Transmitted through lectures and collaborative research projects, the later ERU research into cardiovascular disease more broadly was also of interest to British and international organisations. In 1972, for example, the internationally renowned cardiovascular epidemiologist, A. G. Shaper, delivered the prestigious Milroy Lectures at the Royal College of Physicians of London. Shaper had qualified in Cape Town, but had been in receipt of MRC and British state funding since the 1950s, working in Uganda until 1970, and then in various London institutions until retirement in 1992.99 His lectures were grouped under the title ‘Cardiovascular Disease in the Tropics’, but Shaper was explicit that ‘the differences in natural history made evident from tropical experience give a perspective on disease in our own community that we cannot possibly obtain from studies limited to our own environment’.100 Research not just from Miall's Unit, but from various international sources, was used to make the case for the importance of environmental and social causes of cardiovascular disease, particularly in the instance of hypertension.101
Through connections to the elite of British epidemiological and general practice research, moreover, Miall's and Shaper's claims were repeated in large-scale review literatures, such as Julian Tudor-Hart's 33-page review on managing hypertension in general practice in 1975.102 As another graduate of the south Wales Pneumoconiosis and Epidemiological Research Units, Hart would have been familiar with Miall's work, and used it along with Shaper's to discuss the importance of parity, salt intake, age, genetics and previous blood pressure when assessing patients.103 Beyond this, as a well-respected general practitioner and researcher, Hart worked in influential institutions in British medicine, bringing this broad knowledge of arterial disease, for instance, to Royal College of General Practice advisory bodies for preventive health.104
Indeed, the colonial impact on British medicine may also have been carried over in less obvious ways. Both Miall and Shaper returned to the UK in the 1970s, and both went on to carry out further work in cardiovascular disease in British MRC institutions. After 10 years in Jamaica, Miall found employment at a new MRC institution at Northwick Park. Whilst there, he served as Scientific Secretary to an expansive and incredibly influential MRC trial on the treatment of mild hypertension, based in general practice.105 Whilst the origins of the trial lay far beyond Miall himself—in the politics of the MRC, as well as in a mixture of commercial practices, scientific research, and clinical experiences—colleagues in Miall's Jamaican Unit had interestingly undertaken much smaller therapeutic trials in mild hypertension during the 1960s.106 Similarly, Shaper's continued linking of individual and environmental risk factors in cardiovascular disease on his return to the UK also hints at the enduring influence of his colonial experience.107 He became involved in the MRC-funded British Regional Heart Study, and published important work around high-density lipoprotein (HDL) cholesterol. Crucially, though, low HDL cholesterol was at that point in time considered a potential risk factor for ischaemic heart disease in light of work by another PRU graduate with Caribbean research experience, George James Miller.108 The continued entanglement of post-colonial and British research institutions and questions into the 1970s, then, reflected the deep connections between metropole and colony forged during the late colonial interest in chronic disease of the 1950s. And researchers like Shaper and Miall were able to rise to the tops of their profession through colonial and post-colonial experiences that had been predicated upon these colonial interests and research frameworks.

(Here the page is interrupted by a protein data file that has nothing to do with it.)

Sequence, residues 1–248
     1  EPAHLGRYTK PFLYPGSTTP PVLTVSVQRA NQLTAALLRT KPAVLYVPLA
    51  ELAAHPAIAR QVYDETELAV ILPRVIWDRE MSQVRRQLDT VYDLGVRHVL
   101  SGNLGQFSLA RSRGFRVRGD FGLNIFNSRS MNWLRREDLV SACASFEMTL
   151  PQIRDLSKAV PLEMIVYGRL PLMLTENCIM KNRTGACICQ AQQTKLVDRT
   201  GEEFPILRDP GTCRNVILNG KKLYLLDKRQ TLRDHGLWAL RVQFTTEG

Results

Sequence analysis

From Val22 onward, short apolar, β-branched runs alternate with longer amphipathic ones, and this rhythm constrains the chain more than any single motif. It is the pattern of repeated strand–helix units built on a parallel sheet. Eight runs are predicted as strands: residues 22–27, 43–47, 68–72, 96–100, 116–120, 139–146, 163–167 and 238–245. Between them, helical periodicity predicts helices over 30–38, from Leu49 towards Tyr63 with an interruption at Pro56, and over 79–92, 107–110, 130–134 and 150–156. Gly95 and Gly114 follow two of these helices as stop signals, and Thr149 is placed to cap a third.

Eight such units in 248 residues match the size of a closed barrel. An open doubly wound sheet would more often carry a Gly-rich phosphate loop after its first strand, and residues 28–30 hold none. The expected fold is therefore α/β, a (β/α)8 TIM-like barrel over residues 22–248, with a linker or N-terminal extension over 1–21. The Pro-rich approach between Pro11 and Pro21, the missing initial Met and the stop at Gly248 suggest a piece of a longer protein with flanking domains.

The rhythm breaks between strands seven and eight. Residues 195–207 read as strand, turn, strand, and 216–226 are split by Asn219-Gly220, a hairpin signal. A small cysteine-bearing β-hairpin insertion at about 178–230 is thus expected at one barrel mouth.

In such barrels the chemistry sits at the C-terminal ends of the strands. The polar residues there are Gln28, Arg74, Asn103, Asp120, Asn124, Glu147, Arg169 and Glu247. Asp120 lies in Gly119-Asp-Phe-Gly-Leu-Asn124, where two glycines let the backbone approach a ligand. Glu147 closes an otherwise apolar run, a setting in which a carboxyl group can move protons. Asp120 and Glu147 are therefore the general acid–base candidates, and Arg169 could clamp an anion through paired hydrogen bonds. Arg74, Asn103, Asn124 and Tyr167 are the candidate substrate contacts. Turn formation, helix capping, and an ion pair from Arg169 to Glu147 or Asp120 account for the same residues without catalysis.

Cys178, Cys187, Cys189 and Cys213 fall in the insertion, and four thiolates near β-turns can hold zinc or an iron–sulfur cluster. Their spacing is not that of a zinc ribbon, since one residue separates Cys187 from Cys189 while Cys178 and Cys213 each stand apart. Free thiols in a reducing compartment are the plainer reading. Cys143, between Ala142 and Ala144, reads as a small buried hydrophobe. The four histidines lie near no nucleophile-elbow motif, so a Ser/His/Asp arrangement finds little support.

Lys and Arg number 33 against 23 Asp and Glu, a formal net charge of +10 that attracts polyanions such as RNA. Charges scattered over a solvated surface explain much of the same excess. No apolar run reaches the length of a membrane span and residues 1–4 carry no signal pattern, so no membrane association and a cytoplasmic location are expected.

Miall's departure from the ERU threw the Unit's future into question. The Board had known for some time that Miall did not intend to stay in Jamaica indefinitely, and had began seeking replacements two years prior to his leaving.109 In fact, concern about the potential loss of another research site led Board members to consider opening a new Unit in the Caribbean. Evoking a sense of old imperial strategy and geopolitics, they argued that political instability elsewhere in the tropics had reduced potential sites of British access, whilst experience with institutions in East Africa had demonstrated that ‘indirect control may become dangerously ineffective’.110 Establishing a new Unit, it was proposed, would not only provide ‘an important centre of medical research in the tropics’ but also ‘give the Council an overseas base in a shrinking world’, an ‘extra insurance against possible deterioration of the present’.111 Ultimately, the old Rockefeller laboratory at the centre of the Board's plans was taken over by the Pan-American Health Organisation and remade as the Caribbean Epidemiology Centre.112 The Board did find a new Director for the ERU, but he left after becoming sceptical about the value of further chronic disease research in the Caribbean.113 Having invested so much in the Unit, though, the Council decided to reformulate it as the MRC Laboratories (Jamaica) (on the lines of another institute in the Gambia), and it redirected research towards sickle cell anemia—another disease of interest to post-colonial Britain.114